Bank address: PO Box 14403-00800 Nairobi, Kenya
                      Tel: +254-20-4442685; Fax:+254-20-4453164
Branch: Westlands-Nairobi
Swift code: BARCKENX
Branch code: 022

and for those in Kenya money can go through a pay bill account or brought in person to Cure Children’s Hospital in Kijabe.


Kipilat and his friend

Kipilat and his friend

I am excited to see how God will provide for Kipilat. He is scheduled to come on Thursday to begin preparations for surgery. He is such a sweet boy, and I hope I get to see his face when he takes his first step on his new leg.


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Filed under Kenya, Travel

Please Send Me to Africa…


It’s a little bit scary seeing a dream come together. Part of me is so excited it feels like a dream and the other side of me is scared out of my mind wondering if everything is really going to work out.

I’m excited about moving to Kenya and working at the Riziki Children’s Home. I can’t wait to begin working with Kenyans who are building into their communities and tackling tough problems. I don’t want to be the pushy American who thinks they have all the answers. I want to support the work that is already going on. I want to learn. I want to help where I can and be a part of something bigger than myself.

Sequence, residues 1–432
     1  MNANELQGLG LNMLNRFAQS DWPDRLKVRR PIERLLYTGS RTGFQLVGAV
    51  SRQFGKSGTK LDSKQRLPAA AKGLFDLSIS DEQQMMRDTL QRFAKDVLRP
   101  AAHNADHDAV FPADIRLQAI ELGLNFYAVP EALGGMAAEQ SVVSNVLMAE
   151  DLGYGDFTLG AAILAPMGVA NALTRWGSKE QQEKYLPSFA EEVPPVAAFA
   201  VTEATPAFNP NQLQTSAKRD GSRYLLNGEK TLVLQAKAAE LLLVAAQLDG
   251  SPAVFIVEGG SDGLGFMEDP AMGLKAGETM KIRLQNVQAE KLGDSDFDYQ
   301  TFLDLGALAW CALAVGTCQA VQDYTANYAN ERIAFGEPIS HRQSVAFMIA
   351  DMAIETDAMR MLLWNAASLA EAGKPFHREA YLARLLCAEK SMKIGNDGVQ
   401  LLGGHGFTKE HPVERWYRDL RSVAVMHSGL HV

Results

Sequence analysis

The plane tickets are purchased which is so exciting. This trip is something I have wanted to do for so long. Now it is finally starting to feel real, and that is an incredible feeling. I get to travel on the way out with one of my best friends who is coming out for a short term trip to also work at the orphanage. My friend has always wanted to do an overseas mission trip, and it’s been such a pleasure doing trip planning together. Well, except for the shots which are scheduled for a week from next Friday. That part I’m not looking forward to, but I told my friend that if she gets me through the shots. I’ll get her through customs and airport security.